Article

Total arsenic, inorganic arsenic, lead and cadmium contents in edible seaweed sold in Spain

Instituto de Agroquímica y Tecnología de Alimentos (CSIC), Apdo. 73, 46100, Burjassot, Valencia, Spain.
Food and Chemical Toxicology (Impact Factor: 2.9). 11/2006; 44(11):1901-8. DOI: 10.1016/j.fct.2006.06.011
Source: PubMed

ABSTRACT

Total arsenic, inorganic arsenic, lead and cadmium contents were determined in 112 samples of seaweed preparations sold in Spain (seaweed packed in plastic or cardboard box, seaweed in the form of tablets and concentrates, foods containing seaweed, and canned seaweed). The concentration ranges found, expressed in mg/kg, dry weight, were: total As (0.031-149), inorganic As (<0.014-117), Pb (<0.050-12.1) and Cd (<0.003-3.55). For all the contaminants there were failures to comply with legislated values. In particular, all the samples of Hizikia fusiforme exceeded the inorganic As limit established in some countries, and a considerable number of species exceeded the Cd limit set by international regulations. With respect to food safety, consumption of 3 g/day of the samples analysed could represent up to 15% of the respective Tolerable Daily Intakes (TDI) established by the WHO. The situation is especially alarming for intake of inorganic As from H. fusiforme, which can be three times the TDI established.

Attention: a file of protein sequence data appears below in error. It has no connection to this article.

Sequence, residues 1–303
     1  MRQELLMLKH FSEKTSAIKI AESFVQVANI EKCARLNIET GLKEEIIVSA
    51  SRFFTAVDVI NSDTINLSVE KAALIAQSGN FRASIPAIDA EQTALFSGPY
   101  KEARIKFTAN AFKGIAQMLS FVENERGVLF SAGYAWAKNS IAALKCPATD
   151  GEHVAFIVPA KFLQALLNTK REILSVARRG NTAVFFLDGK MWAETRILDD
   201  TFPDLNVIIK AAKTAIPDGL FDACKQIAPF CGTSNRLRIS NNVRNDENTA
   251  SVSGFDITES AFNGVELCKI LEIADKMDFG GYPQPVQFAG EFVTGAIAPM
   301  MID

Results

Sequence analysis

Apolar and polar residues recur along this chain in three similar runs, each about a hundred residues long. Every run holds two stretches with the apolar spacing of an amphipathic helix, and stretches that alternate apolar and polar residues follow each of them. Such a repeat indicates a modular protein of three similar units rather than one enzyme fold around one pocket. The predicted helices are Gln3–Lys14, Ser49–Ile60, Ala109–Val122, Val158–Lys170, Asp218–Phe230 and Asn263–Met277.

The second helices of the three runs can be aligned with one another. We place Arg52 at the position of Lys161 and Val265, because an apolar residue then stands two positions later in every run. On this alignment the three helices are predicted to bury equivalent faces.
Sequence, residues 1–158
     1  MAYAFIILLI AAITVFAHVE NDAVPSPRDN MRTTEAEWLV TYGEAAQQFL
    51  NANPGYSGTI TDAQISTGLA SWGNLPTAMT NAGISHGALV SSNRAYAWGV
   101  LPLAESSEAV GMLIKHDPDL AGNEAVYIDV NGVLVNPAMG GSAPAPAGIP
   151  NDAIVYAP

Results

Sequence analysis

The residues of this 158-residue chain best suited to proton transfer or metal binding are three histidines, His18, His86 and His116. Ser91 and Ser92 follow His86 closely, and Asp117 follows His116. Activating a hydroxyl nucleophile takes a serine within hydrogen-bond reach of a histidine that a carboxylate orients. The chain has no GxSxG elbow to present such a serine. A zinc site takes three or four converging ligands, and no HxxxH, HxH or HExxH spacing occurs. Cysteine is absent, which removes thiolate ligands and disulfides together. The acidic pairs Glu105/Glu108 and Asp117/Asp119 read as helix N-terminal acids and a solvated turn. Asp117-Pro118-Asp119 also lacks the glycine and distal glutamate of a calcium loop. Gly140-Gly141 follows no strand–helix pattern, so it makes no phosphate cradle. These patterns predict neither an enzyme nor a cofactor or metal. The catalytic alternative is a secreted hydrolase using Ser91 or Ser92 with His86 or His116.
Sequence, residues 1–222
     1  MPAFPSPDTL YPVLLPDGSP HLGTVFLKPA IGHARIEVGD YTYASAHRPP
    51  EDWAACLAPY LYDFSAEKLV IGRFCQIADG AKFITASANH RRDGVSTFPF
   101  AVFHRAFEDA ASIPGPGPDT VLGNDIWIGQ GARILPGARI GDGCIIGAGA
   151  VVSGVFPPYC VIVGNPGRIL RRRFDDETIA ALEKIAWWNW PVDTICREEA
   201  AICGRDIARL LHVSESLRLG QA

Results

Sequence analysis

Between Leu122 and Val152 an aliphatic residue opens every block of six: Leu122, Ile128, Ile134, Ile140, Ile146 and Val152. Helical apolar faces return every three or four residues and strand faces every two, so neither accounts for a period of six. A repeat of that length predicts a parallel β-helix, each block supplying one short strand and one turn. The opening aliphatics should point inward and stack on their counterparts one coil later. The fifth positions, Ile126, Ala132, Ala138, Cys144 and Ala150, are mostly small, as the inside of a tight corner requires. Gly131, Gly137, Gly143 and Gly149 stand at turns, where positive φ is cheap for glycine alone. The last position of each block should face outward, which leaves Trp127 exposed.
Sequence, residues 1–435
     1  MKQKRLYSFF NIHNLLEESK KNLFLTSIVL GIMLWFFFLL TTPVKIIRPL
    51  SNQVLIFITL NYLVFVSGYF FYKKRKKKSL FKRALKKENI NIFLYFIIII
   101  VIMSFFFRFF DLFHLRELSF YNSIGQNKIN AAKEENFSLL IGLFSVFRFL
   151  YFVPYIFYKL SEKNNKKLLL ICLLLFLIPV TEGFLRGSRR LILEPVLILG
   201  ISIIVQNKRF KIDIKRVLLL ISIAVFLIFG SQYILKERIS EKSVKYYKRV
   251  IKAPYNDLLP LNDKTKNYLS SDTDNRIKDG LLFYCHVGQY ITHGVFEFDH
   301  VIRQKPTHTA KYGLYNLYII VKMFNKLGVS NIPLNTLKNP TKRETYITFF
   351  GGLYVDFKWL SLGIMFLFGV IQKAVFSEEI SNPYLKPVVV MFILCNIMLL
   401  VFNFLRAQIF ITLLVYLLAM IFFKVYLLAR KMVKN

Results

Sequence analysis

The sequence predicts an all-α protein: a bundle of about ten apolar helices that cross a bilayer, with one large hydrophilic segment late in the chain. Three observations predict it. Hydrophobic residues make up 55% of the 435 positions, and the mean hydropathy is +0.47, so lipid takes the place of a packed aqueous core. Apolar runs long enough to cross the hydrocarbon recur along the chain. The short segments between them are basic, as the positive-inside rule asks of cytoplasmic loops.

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    • "However, due to its known ability to accumulate pollutants (Almela et al. 2006; Pavoni et al. 2003; Yamada et al. 2007), not only its quality but also its human health safety are of interest when assessing its potential use as food. From a legislative point of view, France, the United States, New Zealand, and Australia have established specific regulations for the use of edible seaweeds in human diet (Almela et al. 2006; Rupérez and Saura-Calixto 2001). In Argentina, seaweeds are not presently a common component in the diet, and thus no regulations have been developed. "

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    • "However, due to its known ability to accumulate pollutants (Almela et al. 2006; Pavoni et al. 2003; Yamada et al. 2007), not only its quality but also its human health safety are of interest when assessing its potential use as food. From a legislative point of view, France, the United States, New Zealand, and Australia have established specific regulations for the use of edible seaweeds in human diet (Almela et al. 2006; Rupérez and Saura-Calixto 2001). In Argentina, seaweeds are not presently a common component in the diet, and thus no regulations have been developed. "
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